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Ruling upheld that favors wind turbines

Patricia LaPoint said she wasn't surprised Thursday when an appeals court sided with the wind industry and upheld a lower court ruling that people can't sue simply because they hate the way wind turbines look or sound. "It's not surprising given the politics of wind energy in the state of Texas," said LaPoint, one of a group of rural Taylor County landowners who sued and claimed FPL Energy created a public nuisance by erecting unpleasant-looking and noisy wind turbines at the company's Horse Hollow Wind Energy Center. LaPoint's group claimed noisy turbines lowered their property values and stamped out their picturesque views.

Patricia LaPoint said she wasn't surprised Thursday when an appeals court sided with the wind industry and upheld a lower court ruling that people can't sue simply because they hate the way wind turbines look or sound.

"It's not surprising given the politics of wind energy in the state of Texas," said LaPoint, one of a group of rural Taylor County landowners who sued and claimed FPL Energy created a public nuisance by erecting unpleasant-looking and noisy wind turbines at the company's Horse Hollow Wind Energy Center.

LaPoint's group claimed noisy turbines lowered their property values and stamped out their picturesque views.

"There's too many politics and too much money at stake. ... That would prevent anything from being a negative with wind energy in the state of Texas," said LaPoint, who lives on County Road 672 about 28 miles west of Abilene and due west of Tuscola. "There's been a number of these, and I think the judicial process doesn't want to touch it" because it would be "negative for the development of wind energy" in Texas, she said.

LaPoint said the group would seek legal advice before deciding whether to further appeal.

In Thursday's ruling, the 11th... more [truncated due to possible copyright]  

Patricia LaPoint said she wasn't surprised Thursday when an appeals court sided with the wind industry and upheld a lower court ruling that people can't sue simply because they hate the way wind turbines look or sound.

"It's not surprising given the politics of wind energy in the state of Texas," said LaPoint, one of a group of rural Taylor County landowners who sued and claimed FPL Energy created a public nuisance by erecting unpleasant-looking and noisy wind turbines at the company's Horse Hollow Wind Energy Center.

LaPoint's group claimed noisy turbines lowered their property values and stamped out their picturesque views.

"There's too many politics and too much money at stake. ... That would prevent anything from being a negative with wind energy in the state of Texas," said LaPoint, who lives on County Road 672 about 28 miles west of Abilene and due west of Tuscola. "There's been a number of these, and I think the judicial process doesn't want to touch it" because it would be "negative for the development of wind energy" in Texas, she said.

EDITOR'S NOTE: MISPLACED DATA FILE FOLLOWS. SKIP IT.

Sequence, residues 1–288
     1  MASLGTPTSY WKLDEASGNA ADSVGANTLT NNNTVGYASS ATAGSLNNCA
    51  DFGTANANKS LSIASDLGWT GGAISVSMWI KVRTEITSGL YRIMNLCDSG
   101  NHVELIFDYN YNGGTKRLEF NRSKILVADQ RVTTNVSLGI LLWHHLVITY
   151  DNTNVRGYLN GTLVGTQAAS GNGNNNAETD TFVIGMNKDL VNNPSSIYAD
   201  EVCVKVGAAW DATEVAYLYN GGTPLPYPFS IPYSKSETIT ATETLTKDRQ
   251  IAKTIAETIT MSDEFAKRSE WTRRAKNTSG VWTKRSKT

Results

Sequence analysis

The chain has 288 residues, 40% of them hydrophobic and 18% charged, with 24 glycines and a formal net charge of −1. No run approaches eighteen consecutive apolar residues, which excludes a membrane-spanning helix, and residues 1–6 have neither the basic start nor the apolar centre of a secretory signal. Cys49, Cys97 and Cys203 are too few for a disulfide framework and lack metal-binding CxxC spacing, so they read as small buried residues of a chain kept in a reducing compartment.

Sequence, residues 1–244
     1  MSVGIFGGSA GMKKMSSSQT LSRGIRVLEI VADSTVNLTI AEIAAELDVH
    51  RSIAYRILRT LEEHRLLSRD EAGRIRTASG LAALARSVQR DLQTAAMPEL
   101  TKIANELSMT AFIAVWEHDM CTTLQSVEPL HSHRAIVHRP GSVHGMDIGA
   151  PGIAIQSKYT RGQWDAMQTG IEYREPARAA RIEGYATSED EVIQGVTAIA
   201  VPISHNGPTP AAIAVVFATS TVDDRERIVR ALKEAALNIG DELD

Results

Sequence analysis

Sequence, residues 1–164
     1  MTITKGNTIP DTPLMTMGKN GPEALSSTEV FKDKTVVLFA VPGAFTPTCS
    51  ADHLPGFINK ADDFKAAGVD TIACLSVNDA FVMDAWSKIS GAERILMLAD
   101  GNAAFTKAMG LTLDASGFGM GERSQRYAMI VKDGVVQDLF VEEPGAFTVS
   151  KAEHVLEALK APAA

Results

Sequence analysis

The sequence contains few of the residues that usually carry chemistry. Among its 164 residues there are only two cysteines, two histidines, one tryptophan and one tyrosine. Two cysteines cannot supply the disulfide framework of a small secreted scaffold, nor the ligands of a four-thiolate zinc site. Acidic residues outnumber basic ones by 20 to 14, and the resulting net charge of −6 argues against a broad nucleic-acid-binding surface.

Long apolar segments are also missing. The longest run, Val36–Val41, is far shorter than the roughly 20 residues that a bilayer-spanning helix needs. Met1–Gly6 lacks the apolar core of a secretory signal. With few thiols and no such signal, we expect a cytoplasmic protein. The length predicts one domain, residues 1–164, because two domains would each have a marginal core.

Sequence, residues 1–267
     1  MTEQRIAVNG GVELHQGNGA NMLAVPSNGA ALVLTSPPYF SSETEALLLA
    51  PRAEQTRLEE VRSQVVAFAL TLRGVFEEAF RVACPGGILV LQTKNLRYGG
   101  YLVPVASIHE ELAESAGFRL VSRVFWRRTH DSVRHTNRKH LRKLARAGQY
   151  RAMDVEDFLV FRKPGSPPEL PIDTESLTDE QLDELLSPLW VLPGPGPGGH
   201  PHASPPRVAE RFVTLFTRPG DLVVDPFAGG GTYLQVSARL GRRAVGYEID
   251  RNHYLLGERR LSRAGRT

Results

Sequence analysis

LaPoint said the group would seek legal advice before deciding whether to further appeal.

In Thursday's ruling, the 11th Court of Appeals concluded the lower court was correct because state law "does not provide a nuisance action for aesthetic impact."

However, the appeals court seemed sympathetic to landowners.

"We do not minimize the impact of FPL's wind farm by characterizing it as an emotional reaction," the judges wrote in the ruling. "Unobstructed sunsets, panoramic landscapes and starlit skies have inspired countless artists and authors and have brought great pleasure to those fortunate enough to live in scenic rural settings. The loss of this view has undoubtedly impacted plaintiffs."

The judges also ruled that the lower court would have to reconsider how much the plaintiffs would pay FPL Energy for its court costs.

Dale Rankin, another of the landowners who sued, said he was reserving comment until he had a chance to read the ruling and confer with counsel. He said he would be willing to comment after doing so.

Attorney Trey Cox of Dallas, representing FPL Energy, told The Associated Press that the company was "very pleased" with the ruling.

"We think it's the right result," Cox said.

Plaintiffs' attorney Steve Thompson, of Houston, did not immediately return calls to The Associated Press or e-mails from the AP seeking comment Thursday.

During the 2006 trial, the opposing sides argued over issues such as the levels of noise that constitute interference with a neighbor's use and enjoyment of property, whether FPL's wind turbines at times created noises rivaling a B-1 bomber's, and the amount and cause of any property devaluation near the wind farm.

The wind farm covers about 60,000 acres and stretches from Taylor County into Nolan County.


Source: http://reporternews.com/new...

AUG 22 2008
http://www.windaction.org/posts/16676-ruling-upheld-that-favors-wind-turbines
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